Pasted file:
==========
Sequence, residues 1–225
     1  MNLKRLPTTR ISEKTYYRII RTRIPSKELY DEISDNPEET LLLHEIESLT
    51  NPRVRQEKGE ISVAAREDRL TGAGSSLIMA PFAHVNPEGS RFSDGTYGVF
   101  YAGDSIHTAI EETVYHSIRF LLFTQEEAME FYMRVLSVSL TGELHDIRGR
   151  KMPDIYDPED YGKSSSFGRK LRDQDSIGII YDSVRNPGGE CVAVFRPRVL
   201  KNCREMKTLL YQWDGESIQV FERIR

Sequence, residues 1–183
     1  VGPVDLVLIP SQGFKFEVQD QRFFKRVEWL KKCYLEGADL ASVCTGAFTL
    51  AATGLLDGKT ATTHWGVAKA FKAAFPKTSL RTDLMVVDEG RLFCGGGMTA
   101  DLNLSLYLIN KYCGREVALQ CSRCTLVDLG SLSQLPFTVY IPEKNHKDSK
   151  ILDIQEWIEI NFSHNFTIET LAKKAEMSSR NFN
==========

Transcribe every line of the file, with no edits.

Sequence, residues 1–225
     1  MNLKRLPTTR ISEKTYYRII RTRIPSKELY DEISDNPEET LLLHEIESLT
    51  NPRVRQEKGE ISVAAREDRL TGAGSSLIMA PFAHVNPEGS RFSDGTYGVF
   101  YAGDSIHTAI EETVYHSIRF LLFTQEEAME FYMRVLSVSL TGELHDIRGR
   151  KMPDIYDPED YGKSSSFGRK LRDQDSIGII YDSVRNPGGE CVAVFRPRVL
   201  KNCREMKTLL YQWDGESIQV FERIR

Sequence, residues 1–183
     1  VGPVDLVLIP SQGFKFEVQD QRFFKRVEWL KKCYLEGADL ASVCTGAFTL
    51  AATGLLDGKT ATTHWGVAKA FKAAFPKTSL RTDLMVVDEG RLFCGGGMTA
   101  DLNLSLYLIN KYCGREVALQ CSRCTLVDLG SLSQLPFTVY IPEKNHKDSK
   151  ILDIQEWIEI NFSHNFTIET LAKKAEMSSR NFN